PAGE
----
EU defends Google deal
EU antitrust commissioner Joaquin Almunia has defended a deal with Google following criticism from rivals and others, saying there had been no gentlemen's agreement to close the case.
The EU has been negotiating over Google apparently blocking competitors in search results. More than a dozen companies, including Microsoft, have accused it of squeezing them out of the market.
Earlier this month, Google agreed to make concessions to display rivals' links more prominently, aiming to end the case that could have led to a fine of up to €3.6bn.
The EU backed a deal last week, calling it a significant concession which had allayed competition concerns.
However rival firms said the plans did not go far enough and would only entrench Google's dominance of Internet searches. Almunia brushed aside the criticism.
"I have also heard people say that the Commission has entered a gentlemen's agreement with Google which would lead to a way of dropping the charges or closing the file. Not at all," he told a meeting.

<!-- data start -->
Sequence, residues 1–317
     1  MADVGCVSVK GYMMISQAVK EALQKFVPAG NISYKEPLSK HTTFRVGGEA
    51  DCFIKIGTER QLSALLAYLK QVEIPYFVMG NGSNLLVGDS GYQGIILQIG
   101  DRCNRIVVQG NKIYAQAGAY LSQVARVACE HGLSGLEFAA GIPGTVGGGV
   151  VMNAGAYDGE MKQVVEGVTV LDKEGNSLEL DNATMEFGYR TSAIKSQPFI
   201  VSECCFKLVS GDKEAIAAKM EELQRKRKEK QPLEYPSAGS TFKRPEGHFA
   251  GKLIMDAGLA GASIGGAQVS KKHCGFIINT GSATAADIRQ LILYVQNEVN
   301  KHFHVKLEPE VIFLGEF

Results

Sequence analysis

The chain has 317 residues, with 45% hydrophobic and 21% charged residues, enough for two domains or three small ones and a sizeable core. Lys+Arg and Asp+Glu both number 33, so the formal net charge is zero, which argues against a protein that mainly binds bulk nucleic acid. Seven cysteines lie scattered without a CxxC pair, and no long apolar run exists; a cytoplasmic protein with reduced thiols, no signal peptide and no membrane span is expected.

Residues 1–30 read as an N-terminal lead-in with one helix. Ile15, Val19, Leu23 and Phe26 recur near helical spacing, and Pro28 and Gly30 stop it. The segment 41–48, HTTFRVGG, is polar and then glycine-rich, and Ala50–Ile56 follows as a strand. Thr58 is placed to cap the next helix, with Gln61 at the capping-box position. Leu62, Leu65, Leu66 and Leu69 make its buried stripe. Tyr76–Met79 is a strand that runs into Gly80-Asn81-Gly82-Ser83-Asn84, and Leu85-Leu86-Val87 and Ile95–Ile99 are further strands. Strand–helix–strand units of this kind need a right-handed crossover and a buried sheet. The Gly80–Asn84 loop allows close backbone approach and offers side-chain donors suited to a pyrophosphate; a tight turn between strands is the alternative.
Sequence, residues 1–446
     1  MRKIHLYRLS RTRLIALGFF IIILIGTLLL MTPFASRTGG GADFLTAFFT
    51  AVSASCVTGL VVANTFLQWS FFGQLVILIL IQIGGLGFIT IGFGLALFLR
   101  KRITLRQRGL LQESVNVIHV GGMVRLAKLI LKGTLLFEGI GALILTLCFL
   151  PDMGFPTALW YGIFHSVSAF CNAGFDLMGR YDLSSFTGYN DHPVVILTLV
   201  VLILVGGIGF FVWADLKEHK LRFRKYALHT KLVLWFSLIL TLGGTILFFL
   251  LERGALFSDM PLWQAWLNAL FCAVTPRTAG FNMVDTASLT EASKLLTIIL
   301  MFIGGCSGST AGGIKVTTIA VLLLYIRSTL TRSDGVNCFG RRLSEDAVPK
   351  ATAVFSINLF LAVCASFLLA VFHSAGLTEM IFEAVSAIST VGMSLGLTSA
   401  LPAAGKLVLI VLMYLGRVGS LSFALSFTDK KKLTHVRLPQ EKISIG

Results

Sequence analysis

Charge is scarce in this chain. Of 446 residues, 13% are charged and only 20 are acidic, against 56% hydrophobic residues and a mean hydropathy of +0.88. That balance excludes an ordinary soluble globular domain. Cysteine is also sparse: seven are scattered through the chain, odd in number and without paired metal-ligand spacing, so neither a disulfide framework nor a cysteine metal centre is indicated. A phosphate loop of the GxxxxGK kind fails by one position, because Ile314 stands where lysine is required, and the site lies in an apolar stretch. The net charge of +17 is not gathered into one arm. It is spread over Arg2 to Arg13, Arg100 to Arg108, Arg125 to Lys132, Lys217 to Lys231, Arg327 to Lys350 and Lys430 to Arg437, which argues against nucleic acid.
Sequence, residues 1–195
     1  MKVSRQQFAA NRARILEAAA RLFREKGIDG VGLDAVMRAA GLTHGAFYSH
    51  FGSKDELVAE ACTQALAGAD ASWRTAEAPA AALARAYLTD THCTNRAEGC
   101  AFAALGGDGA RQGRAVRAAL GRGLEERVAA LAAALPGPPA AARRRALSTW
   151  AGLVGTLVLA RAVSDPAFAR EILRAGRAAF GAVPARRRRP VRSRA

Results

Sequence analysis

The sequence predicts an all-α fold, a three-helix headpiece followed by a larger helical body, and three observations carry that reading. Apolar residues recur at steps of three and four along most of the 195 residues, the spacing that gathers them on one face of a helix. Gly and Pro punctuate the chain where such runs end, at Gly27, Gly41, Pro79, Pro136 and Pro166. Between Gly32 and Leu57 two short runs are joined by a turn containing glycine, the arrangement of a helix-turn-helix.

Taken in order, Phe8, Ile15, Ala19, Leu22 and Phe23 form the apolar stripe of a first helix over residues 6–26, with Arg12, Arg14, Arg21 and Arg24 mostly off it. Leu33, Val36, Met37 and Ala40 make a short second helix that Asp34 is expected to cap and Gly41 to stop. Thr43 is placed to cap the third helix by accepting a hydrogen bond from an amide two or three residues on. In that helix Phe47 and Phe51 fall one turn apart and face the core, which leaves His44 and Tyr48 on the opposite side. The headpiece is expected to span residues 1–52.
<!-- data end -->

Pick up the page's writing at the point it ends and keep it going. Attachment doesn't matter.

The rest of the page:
He said an independent trustee would monitor Google to ensure that there would not be any anti-competitive practices.
Almunia still needs the majority of his fellow commissioners to push through the deal, but said he welcomed criticism from inside the EU. "It is logical. There are 28 commissioners, each having his own views. It is good that each one can share his views," he said.
Under its latest proposals, Google, which is estimated to have a 75% share of the European search market, will let three rivals display their logos and web links in a prominent box, and content providers will be able to decide what material Google can use for its own services.
Google will also scrap restrictions that prevent advertisers from moving their campaigns to rival platforms such as Yahoo!'s search tool and Microsoft's Bing. The company must stick to the deal for the next five years.
Almunia, however, said Google continues to be under regulatory scrutiny over its Android operating system for smartphones. "We are in the process of investigating Android in the next few weeks," he said.